Moody's Analytics has released its election model
and is predicting that Hillary Clinton will be the next president of the United States.
Moody's Analytics has correctly predicted the winner of the presidency since 1980, basing its predictions on a two-year change in economic data in home prices, income growth, and gasoline prices, according to an NPR
Moody's analyst, Dan White, said that those three things affect a person's daily life the most.
"Things that affect marginal voter behavior most significantly are things that the average American is going to run into on an almost daily basis," White said.
The Moody's analyst told NPR that a decline in gas prices points to a win for the incumbent Democratic Party.
"We are currently in the largest decline in gas prices we've had going back to World War II," White said.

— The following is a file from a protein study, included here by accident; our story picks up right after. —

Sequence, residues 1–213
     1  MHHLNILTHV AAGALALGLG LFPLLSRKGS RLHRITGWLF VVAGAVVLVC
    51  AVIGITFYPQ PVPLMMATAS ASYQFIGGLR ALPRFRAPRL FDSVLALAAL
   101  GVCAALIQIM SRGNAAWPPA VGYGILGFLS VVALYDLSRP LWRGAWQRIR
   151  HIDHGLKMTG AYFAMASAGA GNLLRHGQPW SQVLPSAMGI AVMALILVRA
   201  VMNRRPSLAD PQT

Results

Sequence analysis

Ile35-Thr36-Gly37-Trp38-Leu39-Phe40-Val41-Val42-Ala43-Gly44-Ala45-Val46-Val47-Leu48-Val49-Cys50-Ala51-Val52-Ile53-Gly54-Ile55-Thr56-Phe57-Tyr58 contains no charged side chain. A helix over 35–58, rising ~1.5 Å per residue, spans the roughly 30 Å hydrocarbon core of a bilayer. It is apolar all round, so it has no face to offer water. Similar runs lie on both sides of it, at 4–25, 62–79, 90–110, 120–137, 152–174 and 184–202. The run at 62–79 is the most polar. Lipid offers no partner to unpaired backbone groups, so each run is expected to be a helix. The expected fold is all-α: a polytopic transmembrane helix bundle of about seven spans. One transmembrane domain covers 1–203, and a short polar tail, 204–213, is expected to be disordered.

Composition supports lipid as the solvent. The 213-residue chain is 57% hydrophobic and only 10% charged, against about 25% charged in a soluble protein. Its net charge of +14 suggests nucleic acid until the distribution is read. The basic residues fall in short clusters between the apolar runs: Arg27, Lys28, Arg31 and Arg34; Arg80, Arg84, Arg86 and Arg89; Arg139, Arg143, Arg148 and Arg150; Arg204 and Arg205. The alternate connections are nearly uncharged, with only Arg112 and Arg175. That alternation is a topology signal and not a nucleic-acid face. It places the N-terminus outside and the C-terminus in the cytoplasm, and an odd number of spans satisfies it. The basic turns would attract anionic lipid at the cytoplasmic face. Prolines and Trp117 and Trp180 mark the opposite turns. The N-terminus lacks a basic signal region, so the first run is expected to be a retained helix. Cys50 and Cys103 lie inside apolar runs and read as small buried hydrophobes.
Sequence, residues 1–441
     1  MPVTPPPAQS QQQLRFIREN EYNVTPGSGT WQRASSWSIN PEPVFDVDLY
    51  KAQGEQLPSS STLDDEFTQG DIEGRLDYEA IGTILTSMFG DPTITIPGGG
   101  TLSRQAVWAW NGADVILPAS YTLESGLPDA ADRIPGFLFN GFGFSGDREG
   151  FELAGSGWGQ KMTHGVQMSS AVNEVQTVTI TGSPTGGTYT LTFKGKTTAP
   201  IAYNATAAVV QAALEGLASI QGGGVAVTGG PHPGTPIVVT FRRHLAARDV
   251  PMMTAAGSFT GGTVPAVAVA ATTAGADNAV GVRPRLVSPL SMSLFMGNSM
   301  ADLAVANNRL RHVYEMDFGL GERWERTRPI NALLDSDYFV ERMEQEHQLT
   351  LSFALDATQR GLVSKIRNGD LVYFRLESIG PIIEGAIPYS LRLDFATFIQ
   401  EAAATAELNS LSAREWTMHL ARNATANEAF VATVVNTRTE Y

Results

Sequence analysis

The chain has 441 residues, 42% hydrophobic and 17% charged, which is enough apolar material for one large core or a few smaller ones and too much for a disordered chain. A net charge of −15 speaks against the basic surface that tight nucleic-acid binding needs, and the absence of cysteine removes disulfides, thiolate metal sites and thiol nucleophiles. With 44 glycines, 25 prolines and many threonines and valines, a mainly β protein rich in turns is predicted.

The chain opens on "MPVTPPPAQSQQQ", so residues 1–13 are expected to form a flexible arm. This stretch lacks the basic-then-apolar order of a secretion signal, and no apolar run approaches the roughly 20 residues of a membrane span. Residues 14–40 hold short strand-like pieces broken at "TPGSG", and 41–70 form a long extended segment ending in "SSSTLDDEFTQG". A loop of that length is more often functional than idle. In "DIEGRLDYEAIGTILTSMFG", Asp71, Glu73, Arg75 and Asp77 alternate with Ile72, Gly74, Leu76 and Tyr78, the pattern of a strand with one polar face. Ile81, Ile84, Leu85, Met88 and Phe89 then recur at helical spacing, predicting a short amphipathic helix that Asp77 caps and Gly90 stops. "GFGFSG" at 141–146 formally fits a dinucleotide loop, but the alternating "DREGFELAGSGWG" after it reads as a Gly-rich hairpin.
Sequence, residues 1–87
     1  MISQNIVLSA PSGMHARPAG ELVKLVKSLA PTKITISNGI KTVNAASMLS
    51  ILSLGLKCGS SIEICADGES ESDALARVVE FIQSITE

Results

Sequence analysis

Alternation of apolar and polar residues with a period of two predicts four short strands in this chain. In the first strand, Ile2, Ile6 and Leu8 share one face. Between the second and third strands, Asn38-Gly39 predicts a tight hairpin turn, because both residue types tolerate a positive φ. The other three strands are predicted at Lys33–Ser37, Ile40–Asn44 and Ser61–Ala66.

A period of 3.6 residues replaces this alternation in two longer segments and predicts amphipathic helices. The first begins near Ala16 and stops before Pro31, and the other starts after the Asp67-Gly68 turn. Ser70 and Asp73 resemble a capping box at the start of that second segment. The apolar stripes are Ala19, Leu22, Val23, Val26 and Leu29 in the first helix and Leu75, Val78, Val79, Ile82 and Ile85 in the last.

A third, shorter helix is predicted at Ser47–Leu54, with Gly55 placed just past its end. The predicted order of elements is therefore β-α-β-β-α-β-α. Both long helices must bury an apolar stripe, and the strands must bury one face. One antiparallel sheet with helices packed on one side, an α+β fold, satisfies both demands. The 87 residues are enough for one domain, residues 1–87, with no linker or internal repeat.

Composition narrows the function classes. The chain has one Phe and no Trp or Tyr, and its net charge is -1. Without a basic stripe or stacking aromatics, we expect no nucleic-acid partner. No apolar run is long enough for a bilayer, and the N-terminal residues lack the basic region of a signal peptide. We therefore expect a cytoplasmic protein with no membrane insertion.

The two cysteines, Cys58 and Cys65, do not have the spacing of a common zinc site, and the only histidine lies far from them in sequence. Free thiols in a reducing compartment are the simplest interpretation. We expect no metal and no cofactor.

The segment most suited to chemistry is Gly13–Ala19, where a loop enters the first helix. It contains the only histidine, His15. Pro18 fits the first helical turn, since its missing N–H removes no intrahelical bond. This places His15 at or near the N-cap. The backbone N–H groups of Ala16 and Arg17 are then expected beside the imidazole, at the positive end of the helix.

The model predicts that the Democratic nominee, who is likely to be Clinton, will earn 332 electoral votes while presumptive Republican nominee Donald Trump will win 206.
Moody's also looked at the approval rating of the incumbent president, measuring a two-year range moving up to election day.
White said Obama's approval rating is key to the economic model's prediction. If the rise in approval ratings holds, Obama could have the highest approval rating since President Ronald Reagan at the end of the Cold War.
"President Obama's approval rating has crossed over the important 50-percent threshold for the first time in almost four years," he said in the analysis.
White added that gasoline prices could rise and Obama's approval rating could fall, but those are the only likely indicators that could shift the prediction to the Republican Party's favor.
The oldest prediction model, created at Yale by economics professor Ray Fair, disagrees. Fair wrote in the Los Angeles Times
that, based on economic growth per capita in the four years before an election, "the Democratic nominee will lose — through no fault of her own."
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